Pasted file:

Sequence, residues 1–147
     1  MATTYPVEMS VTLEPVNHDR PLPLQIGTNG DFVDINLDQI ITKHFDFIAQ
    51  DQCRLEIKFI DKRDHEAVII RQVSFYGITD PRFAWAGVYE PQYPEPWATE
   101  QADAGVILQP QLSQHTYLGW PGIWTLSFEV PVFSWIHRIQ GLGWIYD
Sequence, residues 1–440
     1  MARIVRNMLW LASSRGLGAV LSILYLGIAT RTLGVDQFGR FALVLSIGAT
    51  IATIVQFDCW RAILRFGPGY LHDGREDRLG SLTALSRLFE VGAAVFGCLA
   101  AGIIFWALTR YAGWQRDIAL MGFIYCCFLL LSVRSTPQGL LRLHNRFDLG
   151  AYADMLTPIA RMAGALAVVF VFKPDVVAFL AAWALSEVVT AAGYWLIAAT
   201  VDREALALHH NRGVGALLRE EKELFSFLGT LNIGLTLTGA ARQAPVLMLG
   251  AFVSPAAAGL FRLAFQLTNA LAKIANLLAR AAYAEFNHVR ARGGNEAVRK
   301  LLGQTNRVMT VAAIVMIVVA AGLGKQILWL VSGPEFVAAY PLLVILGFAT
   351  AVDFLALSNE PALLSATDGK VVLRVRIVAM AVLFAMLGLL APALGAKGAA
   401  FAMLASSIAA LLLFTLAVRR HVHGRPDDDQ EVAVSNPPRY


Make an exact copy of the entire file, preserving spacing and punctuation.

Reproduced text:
Sequence, residues 1–147
     1  MATTYPVEMS VTLEPVNHDR PLPLQIGTNG DFVDINLDQI ITKHFDFIAQ
    51  DQCRLEIKFI DKRDHEAVII RQVSFYGITD PRFAWAGVYE PQYPEPWATE
   101  QADAGVILQP QLSQHTYLGW PGIWTLSFEV PVFSWIHRIQ GLGWIYD
Sequence, residues 1–440
     1  MARIVRNMLW LASSRGLGAV LSILYLGIAT RTLGVDQFGR FALVLSIGAT
    51  IATIVQFDCW RAILRFGPGY LHDGREDRLG SLTALSRLFE VGAAVFGCLA
   101  AGIIFWALTR YAGWQRDIAL MGFIYCCFLL LSVRSTPQGL LRLHNRFDLG
   151  AYADMLTPIA RMAGALAVVF VFKPDVVAFL AAWALSEVVT AAGYWLIAAT
   201  VDREALALHH NRGVGALLRE EKELFSFLGT LNIGLTLTGA ARQAPVLMLG
   251  AFVSPAAAGL FRLAFQLTNA LAKIANLLAR AAYAEFNHVR ARGGNEAVRK
   301  LLGQTNRVMT VAAIVMIVVA AGLGKQILWL VSGPEFVAAY PLLVILGFAT
   351  AVDFLALSNE PALLSATDGK VVLRVRIVAM AVLFAMLGLL APALGAKGAA
   401  FAMLASSIAA LLLFTLAVRR HVHGRPDDDQ EVAVSNPPRY